A Spanish court has found that a decision by the city hall of Camargo in Cantabria, northern Spain, to boycott companies over their ties to Israel was illegal, a Madrid-based pro-Israel group announced on Thursday.
The ruling, handed down by the Contentious Administrative Court number 1 of Santander, called the city hall’s support of the boycott campaign “a clear violation of the fundamental rights to equality” and “to transmit freely ideas and opinions, which are restricted by the threat of a certain damage derived from the hiring or institutional relationship of the city in relation with companies or products of Israeli origin,” said ACOM.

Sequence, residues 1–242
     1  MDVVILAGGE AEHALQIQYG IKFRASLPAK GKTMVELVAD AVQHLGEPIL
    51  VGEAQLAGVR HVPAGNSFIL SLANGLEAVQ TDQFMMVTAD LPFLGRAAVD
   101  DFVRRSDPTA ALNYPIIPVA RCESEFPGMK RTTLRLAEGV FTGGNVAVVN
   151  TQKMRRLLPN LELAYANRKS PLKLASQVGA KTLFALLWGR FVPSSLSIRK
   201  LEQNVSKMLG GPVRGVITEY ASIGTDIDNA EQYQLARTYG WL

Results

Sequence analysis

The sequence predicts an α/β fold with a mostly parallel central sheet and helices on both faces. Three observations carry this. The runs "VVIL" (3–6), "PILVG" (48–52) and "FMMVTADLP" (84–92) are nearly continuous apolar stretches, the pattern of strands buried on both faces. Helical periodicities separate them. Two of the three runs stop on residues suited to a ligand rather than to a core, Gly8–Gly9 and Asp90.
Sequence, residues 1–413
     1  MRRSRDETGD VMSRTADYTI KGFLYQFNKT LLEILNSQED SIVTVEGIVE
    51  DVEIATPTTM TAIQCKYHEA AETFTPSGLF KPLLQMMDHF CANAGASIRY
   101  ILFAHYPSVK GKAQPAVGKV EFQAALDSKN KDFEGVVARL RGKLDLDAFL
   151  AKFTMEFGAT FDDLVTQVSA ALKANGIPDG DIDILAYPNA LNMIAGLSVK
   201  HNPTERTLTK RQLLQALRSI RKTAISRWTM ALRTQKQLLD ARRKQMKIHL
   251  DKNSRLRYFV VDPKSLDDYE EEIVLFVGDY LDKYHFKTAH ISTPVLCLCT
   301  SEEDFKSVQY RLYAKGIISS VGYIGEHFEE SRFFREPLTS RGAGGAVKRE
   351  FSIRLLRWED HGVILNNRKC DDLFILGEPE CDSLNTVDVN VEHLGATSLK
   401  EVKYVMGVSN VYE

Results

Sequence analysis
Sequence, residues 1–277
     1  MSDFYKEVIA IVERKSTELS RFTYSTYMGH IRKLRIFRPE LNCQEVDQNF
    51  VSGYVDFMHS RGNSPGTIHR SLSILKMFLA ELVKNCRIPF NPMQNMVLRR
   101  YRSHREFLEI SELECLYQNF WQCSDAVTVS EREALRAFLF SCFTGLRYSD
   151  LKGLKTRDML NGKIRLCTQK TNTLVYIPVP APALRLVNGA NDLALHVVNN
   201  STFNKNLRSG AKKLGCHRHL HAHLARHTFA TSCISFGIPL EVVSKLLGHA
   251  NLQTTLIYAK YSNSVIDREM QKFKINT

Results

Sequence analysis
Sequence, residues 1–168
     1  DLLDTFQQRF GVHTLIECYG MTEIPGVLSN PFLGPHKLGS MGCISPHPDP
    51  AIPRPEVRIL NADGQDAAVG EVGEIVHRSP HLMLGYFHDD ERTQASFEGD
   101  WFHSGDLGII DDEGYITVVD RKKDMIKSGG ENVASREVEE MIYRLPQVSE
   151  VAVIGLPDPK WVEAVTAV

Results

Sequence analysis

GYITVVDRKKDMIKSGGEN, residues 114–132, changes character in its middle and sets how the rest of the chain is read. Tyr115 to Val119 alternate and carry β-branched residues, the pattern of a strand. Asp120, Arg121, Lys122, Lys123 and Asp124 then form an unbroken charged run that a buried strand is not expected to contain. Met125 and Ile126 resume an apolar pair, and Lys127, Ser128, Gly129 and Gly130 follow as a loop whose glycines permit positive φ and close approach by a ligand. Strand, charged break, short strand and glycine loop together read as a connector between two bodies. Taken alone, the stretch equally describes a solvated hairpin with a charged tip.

The judgement imposes legal costs, which will be shouldered by taxpayers.
The city hall first adopted the “Space Free of Israeli Apartheid” pledge — a part of the controversial Palestinian-led boycott, divestment, and sanctions (BDS) campaign — on April 25, 2016, with support from the United Left communist party and the Spanish Socialist Workers’ Party, and an abstention from the conservative People’s Party, according to ACOM.
The court’s annulment of the campaign reportedly maintained that the boycott violated fundamental right by preventing commercial or institutional relations with Israel, and — as a matter of international relations — fell outside the city hall’s purview.
ACOM has spearheaded efforts to fight back against BDS campaign in Spain through the country’s legal system. A recent event held by the group in Madrid was disrupted by BDS activists who reportedly attempted to physically attack participants.
Earlier this year, an ACOM lawsuit prompted a court in Valencia to overturn a BDS pledge that was adopted by the local city council with support from far-left and socialist parties.